Southern Texas has its fair share of hot, arid habitats but it also plays host to excellent wetlands. Marshes are particularly good for birds because there is always something to see and photograph. Unlike woodland birds, many of the marsh species come out into the open or will come to the edge of the marsh if you patiently wait for them.
The Little Blue Heron is one of several common heron species that occur in Texas wetlands. Their slate gray plumage has subtle maroon highlights and contrasts with the lighter hues of the White Ibis.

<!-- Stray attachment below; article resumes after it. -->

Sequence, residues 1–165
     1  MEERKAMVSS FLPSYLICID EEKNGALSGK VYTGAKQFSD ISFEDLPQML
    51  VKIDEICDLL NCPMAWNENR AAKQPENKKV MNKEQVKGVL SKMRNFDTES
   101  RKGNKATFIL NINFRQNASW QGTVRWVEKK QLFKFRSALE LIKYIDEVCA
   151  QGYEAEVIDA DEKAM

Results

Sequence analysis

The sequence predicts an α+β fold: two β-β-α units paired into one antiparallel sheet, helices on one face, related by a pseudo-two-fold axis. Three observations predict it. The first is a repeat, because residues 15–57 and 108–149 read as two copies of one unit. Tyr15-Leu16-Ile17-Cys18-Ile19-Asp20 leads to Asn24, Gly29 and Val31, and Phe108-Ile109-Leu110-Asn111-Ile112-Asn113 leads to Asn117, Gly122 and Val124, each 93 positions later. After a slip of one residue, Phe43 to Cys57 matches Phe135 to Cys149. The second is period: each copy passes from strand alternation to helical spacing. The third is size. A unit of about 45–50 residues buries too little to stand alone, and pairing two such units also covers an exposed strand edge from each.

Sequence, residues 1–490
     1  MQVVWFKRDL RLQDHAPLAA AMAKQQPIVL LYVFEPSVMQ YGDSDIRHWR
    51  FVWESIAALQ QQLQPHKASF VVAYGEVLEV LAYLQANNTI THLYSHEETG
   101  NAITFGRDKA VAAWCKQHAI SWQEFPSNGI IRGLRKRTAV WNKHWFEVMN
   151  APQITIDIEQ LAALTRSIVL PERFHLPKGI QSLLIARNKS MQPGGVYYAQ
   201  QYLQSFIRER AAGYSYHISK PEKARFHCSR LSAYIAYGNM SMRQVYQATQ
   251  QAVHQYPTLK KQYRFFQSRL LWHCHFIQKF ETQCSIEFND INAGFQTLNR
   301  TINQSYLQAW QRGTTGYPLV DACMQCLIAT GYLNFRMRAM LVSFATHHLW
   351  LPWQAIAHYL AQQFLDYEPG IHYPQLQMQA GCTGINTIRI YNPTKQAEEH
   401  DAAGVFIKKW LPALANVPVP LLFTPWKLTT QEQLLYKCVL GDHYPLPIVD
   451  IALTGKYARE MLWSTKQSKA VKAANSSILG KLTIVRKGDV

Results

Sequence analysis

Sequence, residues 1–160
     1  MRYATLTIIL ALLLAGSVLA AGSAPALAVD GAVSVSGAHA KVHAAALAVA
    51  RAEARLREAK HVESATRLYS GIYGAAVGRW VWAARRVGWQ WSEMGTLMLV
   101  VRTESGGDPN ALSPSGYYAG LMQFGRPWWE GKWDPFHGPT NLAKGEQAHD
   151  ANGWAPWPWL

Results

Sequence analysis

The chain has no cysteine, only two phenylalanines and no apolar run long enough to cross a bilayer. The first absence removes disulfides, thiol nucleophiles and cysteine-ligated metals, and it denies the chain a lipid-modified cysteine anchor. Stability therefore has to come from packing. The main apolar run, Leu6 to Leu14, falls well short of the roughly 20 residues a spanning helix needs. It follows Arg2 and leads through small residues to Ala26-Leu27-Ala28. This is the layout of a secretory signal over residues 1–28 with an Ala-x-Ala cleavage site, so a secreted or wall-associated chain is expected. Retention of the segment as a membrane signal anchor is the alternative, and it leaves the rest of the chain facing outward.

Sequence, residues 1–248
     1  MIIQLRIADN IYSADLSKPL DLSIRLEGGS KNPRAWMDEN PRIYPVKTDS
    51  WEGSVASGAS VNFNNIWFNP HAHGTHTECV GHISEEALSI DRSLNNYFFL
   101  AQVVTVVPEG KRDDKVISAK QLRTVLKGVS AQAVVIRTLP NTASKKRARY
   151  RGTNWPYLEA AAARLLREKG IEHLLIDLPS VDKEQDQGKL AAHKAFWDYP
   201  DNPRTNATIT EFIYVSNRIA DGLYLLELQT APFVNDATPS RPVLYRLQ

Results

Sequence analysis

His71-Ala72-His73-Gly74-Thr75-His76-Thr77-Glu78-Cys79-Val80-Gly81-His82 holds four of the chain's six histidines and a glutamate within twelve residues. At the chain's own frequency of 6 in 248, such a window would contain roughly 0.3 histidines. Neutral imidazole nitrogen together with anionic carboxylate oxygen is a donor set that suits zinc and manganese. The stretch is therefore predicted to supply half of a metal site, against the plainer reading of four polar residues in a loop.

While most of the wading birds forage in the open, some other species skulk in the marsh grass. Rails are always tough to see but with patience, they can eventually be seen.
One of the other common rails in south Texas is the Sora. It has a much shorter bill than the Virginia Rail and gives frequent whistled and whinnying calls from the marsh.
The most commonly seen rail species in Texas and most of North America is the Common Gallinule. This smart looking bird species swims in the water in addition to creeping through the marsh grass.
A few small birds also live in marshes. One of the most common is the Common Yellowthroat. This warbler frequents wet fields and marshes in much of North America and can be identified by its black mask.
If you are looking for fun, easy-going birding in South Texas, visit a wetland.